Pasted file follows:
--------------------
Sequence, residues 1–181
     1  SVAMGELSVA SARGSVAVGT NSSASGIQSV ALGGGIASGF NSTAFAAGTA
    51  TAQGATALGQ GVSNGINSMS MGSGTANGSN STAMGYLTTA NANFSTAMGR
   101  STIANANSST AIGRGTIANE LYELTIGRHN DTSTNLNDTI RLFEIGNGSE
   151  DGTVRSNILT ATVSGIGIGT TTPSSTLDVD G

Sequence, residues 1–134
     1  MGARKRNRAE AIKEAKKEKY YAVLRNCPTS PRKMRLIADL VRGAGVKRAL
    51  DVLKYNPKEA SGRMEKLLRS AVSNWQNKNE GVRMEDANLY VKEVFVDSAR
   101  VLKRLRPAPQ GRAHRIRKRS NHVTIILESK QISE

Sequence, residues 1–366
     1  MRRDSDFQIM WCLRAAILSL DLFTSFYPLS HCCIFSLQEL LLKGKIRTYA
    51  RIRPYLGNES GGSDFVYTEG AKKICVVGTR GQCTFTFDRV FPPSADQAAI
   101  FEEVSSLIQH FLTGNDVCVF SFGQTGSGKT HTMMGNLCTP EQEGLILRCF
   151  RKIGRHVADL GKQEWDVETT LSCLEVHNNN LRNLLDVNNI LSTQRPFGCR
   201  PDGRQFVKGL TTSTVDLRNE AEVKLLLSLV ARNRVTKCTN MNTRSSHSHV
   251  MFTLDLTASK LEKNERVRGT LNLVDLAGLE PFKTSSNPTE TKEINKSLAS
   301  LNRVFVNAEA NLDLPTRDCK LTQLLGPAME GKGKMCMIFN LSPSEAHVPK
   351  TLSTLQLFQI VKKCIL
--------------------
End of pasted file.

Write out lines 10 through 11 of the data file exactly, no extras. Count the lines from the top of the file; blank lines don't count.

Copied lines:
Sequence, residues 1–366
     1  MRRDSDFQIM WCLRAAILSL DLFTSFYPLS HCCIFSLQEL LLKGKIRTYA